1

So I have a text file:

4556 4618 7843 8732
 4532 0861 1932 5122 
3478 893* 6788 6312
5440 3173 8207 0451 67886
6011 2966 7184 4668       
3678 3905 5323
  2389 4387        9336 2783  
239 235 453 3458
182 534 654 765
 4485 0721 1308 2759
46759 543 2345

I want to grep only the numbers that have 4 digits together, 4 times in a row (seperated by a space).

For example: 4556 4618 7843 8732

I am using: grep -E "([0-9]{4} [0-9]{4} [0-9]{4} [0-9]{4})" test.txt

Which shows me:

4556 4618 7843 8732
 4532 0861 1932 5122 
5440 3173 8207 0451 67886
6011 2966 7184 4668       
 4485 0721 1308 2759

Using this there is an extra line that shouldn't appear, where there is a 5th set of numbers that has 5 digits on the end.

So I used: grep -E "([0-9]{4} [0-9]{4} [0-9]{4} [0-9]{4})$" test.txt

But this only gave me two results instead of the 4 it should:

4556 4618 7843 8732
 4485 0721 1308 2759

Can someone tell me what I'm doing wrong?

  • You also appear to be missing 2389 4387 9336 2783 -- are extra spaces the eliminating factor? – glenn jackman Dec 13 '18 at 22:00
3
$ grep -E '^[[:blank:]]*[0-9]{4} [0-9]{4} [0-9]{4} [0-9]{4}[[:blank:]]*$' file
4556 4618 7843 8732
 4532 0861 1932 5122
6011 2966 7184 4668
 4485 0721 1308 2759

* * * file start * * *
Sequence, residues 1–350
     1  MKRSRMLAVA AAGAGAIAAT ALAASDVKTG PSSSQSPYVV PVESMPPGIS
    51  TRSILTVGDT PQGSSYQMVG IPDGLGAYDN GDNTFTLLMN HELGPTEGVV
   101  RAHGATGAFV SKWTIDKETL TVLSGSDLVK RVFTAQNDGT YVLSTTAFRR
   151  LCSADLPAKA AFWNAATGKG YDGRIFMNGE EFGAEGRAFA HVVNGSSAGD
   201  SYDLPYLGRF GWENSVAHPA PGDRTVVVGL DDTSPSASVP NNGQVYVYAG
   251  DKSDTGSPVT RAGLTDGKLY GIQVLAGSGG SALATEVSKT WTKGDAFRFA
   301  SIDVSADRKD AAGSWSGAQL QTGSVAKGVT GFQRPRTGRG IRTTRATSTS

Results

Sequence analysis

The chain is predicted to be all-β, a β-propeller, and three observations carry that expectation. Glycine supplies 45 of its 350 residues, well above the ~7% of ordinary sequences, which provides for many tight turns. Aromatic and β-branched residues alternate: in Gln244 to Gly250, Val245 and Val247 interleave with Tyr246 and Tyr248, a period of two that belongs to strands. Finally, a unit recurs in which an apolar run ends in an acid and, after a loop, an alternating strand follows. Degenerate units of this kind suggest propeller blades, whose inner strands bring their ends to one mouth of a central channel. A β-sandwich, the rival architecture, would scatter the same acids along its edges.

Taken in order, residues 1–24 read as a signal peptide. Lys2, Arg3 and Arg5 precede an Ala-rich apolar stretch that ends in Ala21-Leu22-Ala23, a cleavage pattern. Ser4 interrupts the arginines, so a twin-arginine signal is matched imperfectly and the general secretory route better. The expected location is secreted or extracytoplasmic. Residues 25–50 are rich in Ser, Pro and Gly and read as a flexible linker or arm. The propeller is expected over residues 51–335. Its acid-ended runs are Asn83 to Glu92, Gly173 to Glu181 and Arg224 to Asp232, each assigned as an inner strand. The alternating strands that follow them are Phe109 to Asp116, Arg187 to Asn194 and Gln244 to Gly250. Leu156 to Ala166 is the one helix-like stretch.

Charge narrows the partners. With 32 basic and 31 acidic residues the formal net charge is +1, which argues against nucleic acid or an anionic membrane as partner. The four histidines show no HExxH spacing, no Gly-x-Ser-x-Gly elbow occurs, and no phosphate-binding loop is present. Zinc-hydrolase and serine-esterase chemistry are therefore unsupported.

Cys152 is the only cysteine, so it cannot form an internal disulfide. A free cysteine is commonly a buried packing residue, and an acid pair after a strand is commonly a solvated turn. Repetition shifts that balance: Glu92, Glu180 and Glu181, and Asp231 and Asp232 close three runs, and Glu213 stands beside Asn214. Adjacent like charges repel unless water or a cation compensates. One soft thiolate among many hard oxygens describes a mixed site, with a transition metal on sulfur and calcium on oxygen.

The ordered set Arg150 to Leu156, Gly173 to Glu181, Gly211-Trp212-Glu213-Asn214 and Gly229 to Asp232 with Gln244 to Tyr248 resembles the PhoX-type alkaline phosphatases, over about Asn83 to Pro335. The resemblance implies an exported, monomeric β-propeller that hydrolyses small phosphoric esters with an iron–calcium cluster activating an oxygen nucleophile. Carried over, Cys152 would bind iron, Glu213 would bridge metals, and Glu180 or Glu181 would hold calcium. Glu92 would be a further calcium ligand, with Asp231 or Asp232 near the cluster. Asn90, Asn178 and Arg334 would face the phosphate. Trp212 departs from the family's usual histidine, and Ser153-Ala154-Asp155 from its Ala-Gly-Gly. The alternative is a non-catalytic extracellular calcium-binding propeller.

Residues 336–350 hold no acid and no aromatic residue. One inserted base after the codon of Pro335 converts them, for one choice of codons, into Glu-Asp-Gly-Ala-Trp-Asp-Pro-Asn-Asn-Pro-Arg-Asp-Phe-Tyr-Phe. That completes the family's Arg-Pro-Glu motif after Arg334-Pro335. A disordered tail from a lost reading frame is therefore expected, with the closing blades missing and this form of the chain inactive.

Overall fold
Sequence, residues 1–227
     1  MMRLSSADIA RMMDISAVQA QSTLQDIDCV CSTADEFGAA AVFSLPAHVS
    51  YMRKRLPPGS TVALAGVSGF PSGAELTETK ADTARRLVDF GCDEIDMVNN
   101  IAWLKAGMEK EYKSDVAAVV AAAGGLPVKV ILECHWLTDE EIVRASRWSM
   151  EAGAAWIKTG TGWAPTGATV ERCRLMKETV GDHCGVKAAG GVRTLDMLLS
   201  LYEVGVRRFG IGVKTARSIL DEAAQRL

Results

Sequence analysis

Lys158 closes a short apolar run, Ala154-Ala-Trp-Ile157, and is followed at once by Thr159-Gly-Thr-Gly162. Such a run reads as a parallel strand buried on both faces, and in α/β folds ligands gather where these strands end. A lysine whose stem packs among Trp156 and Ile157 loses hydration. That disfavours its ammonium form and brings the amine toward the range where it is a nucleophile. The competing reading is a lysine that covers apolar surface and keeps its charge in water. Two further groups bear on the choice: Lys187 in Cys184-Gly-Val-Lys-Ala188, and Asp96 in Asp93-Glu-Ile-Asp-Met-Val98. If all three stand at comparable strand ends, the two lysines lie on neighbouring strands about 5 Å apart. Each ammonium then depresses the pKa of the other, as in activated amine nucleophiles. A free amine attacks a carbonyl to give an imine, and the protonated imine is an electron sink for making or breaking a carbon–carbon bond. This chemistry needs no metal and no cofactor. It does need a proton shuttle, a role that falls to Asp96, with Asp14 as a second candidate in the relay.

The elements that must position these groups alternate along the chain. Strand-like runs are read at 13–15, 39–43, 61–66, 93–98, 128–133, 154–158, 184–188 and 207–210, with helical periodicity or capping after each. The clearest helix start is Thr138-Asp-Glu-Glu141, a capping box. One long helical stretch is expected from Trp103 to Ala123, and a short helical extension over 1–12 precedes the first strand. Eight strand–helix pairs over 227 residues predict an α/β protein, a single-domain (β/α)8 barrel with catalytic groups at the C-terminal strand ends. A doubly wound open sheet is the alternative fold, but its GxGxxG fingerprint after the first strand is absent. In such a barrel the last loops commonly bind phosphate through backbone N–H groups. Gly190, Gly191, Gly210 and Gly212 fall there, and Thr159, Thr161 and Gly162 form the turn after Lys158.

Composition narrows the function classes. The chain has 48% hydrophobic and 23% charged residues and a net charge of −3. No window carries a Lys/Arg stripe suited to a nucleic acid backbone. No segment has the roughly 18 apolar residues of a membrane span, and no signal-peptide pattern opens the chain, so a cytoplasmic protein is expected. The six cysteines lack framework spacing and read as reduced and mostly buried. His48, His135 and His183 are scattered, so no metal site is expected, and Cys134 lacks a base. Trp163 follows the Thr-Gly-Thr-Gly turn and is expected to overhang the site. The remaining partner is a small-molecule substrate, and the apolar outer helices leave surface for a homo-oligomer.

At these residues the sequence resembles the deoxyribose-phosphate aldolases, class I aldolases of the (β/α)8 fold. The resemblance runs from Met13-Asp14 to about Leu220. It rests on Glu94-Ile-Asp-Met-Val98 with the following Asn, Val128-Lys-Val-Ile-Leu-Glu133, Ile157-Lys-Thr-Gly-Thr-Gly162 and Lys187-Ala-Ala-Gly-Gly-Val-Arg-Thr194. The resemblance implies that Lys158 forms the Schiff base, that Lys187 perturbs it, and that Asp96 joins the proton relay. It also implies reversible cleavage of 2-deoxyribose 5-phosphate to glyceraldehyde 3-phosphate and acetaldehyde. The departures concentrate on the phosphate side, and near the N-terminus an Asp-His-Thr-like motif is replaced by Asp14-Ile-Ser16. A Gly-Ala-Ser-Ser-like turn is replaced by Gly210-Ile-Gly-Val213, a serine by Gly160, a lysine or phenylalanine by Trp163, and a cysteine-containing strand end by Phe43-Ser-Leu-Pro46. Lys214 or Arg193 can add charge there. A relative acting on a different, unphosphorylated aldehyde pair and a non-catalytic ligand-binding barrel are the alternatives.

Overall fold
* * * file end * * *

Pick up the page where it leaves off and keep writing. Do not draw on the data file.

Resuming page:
Your expression matches lines with four or more sets of space-delimited four-digit numbers. The parentheses don't do anything in the expression.

The expression above anchors the pattern to the start and end of the line and only allows spaces or tabs to exist before the first and after the last sets of digits.

As an alternative to using the ^ and $ anchors, you could instead use grep -x:

grep -Ex '[[:blank:]]*[0-9]{4} [0-9]{4} [0-9]{4} [0-9]{4}[[:blank:]]*'

And shortening this, just like Jeff has shown,

grep -Ex '[[:blank:]]*([0-9]{4} ){3}[0-9]{4}[[:blank:]]*'
  • This works great, exactly what I was looking for. I was forgetting to use * – ESuth Dec 13 '18 at 18:51
3

You got halfway there with the end-of-line anchor $; you just need to anchor the beginning of the line, too, with ^. Looks like you're OK with a leading space, so allow for that as well, with *:

grep -E "^ *([0-9]{4} [0-9]{4} [0-9]{4} [0-9]{4})$" test.txt

If it helps to simplify the typing (or understanding) any, you could combine the first three patterns:

grep -E "^ *([[:digit:]]{4} ){3}[[:digit:]]{4}$"

... meaning you want 3 of the quantity (4 digits followed by a space) followed by a space, then 4 digits, then EOL.

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